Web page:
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Towing - 5th-Wheels & Travel-Trailers 6.2/6.5 and Duramax towing performance? Towing accessories? Truck/trailer setup? Compare RV trailers? Trailer maintenance? Great destinations & vacations? Anything towing or trailer related.

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Old 08-28-2020, 04:06 PM
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sctrailrider sctrailrider is offline
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Default School me on fifth wheel campers

The time is nearing for us to sell the LQ horse trailer and purchase a fifth wheel camper..

For those of you that know them, what are some things to be concerned about as far as the model or brand camper. Most of the time it will only be me and the boss, but at times a couple grand kids may be along.

Questions from me are mostly in the structural end, like do slide outs leak, are the moving motors known to quit, you know, questions for someone that hasn't owned a larger newer camper..

We are use to camping, our horse trailer is large and has everything from real wood inside to onan genset and is fully self contained, it is all aluminum and not a light weight goose neck, so I'm use to pulling a larger unit..

Just want to hear things to consider other than price, and yes we would go the used route @ around 35 feet long or so... later we would be spending a lot of time in it when retired and we only want to purchase once...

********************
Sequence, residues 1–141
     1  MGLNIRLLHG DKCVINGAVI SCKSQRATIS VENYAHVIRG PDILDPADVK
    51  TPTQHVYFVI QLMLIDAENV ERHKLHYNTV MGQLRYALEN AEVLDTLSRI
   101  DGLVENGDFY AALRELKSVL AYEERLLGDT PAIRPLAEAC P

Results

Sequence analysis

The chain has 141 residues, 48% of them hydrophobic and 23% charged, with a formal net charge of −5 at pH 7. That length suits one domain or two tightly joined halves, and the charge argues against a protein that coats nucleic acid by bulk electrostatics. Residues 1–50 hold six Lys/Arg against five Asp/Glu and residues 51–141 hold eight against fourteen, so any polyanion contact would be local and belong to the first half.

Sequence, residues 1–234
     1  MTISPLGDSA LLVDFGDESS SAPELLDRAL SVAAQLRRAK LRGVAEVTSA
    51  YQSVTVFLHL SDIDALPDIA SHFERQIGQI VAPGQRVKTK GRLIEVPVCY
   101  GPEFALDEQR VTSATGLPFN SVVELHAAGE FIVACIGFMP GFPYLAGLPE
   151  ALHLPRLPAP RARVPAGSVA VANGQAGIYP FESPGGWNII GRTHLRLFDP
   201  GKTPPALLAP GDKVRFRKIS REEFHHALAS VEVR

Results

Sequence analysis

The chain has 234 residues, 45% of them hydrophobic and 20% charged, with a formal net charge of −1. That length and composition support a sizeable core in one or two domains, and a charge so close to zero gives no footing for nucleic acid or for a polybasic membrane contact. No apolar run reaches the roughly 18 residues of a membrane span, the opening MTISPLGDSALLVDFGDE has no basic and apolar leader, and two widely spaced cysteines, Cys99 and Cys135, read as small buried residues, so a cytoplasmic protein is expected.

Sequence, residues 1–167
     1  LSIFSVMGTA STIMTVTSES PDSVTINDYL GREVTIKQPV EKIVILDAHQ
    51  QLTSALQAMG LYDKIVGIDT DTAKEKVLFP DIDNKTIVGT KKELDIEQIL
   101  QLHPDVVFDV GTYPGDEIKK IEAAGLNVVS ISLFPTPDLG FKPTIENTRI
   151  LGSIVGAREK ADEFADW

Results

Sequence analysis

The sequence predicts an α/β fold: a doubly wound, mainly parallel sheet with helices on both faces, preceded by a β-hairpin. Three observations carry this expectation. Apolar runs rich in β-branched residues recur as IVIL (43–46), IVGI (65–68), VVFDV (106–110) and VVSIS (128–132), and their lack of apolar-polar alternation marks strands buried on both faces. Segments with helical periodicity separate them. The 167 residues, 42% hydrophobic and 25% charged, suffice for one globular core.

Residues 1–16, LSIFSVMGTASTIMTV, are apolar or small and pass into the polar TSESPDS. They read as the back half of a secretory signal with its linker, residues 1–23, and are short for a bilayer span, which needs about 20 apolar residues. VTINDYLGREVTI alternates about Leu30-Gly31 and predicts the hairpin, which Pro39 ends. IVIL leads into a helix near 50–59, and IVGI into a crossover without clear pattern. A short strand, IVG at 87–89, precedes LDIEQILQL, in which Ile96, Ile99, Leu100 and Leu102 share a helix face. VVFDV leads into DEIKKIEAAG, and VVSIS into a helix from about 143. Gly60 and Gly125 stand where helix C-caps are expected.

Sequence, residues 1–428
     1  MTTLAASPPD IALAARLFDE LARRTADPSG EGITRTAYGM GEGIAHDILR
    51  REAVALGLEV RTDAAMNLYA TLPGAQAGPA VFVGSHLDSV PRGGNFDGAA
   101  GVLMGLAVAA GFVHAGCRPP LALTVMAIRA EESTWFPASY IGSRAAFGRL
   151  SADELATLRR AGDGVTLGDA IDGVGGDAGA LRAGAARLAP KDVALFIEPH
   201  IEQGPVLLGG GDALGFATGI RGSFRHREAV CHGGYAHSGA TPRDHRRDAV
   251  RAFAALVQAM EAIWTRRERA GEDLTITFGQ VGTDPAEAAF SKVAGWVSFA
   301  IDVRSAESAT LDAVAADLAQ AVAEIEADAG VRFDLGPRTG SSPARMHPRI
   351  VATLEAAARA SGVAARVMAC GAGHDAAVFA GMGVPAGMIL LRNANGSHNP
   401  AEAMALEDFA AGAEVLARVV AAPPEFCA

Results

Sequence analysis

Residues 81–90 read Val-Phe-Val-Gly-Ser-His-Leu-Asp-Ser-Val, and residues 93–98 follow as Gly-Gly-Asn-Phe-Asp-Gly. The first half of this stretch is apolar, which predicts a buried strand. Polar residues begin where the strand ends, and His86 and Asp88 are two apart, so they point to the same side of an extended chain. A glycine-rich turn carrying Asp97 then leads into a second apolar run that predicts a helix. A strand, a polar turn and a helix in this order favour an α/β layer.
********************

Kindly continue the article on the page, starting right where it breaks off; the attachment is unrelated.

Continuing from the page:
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Old 09-02-2020, 12:17 PM
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arveetek arveetek is offline
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Models or brands really don't mean much in the RV industry. For the most part, all 5th wheels and travel trailers are built of the same materials using the same procedures. They have pretty much the same appliances and construction. The best thing is to find a floor plan that fits your needs, and then have an RV expert look it over to check the condition of the unit. Water is the number one enemy of an RV, and hidden water damage can rear its ugly head later on down the road.

Your living quarters horse trailer is built 300% better than a typical RV. Most trailers use light materials on a flimsy frame in order to keep weight down. They will not last nearly as long as your all-aluminum horse trailer.

I would not plan on being able to purchase one used RV and having it last the rest of your retired life. In reality, especially if full-timing, you will need to replace the RV every 5 to 7 years. The exception to this rule is to purchase a new rig, and store it indoors when not in use (that's what I do... my travel trailer does not sit outside unless we are using it). Of course, this won't work for long term/full time use.

I have been in the RV business for 25 years. They are called recreational vehicles for a reason: they are designed for solely recreational use. As long as you have realistic expectations, you will have a blast. However, I have experience with way too many customers who can't understand why they aren't built to last. The real reason? Most folks wouldn't be able to afford a properly built rig, and most folks wouldn't have a big enough truck to tow a properly built rig because it would be too heavy.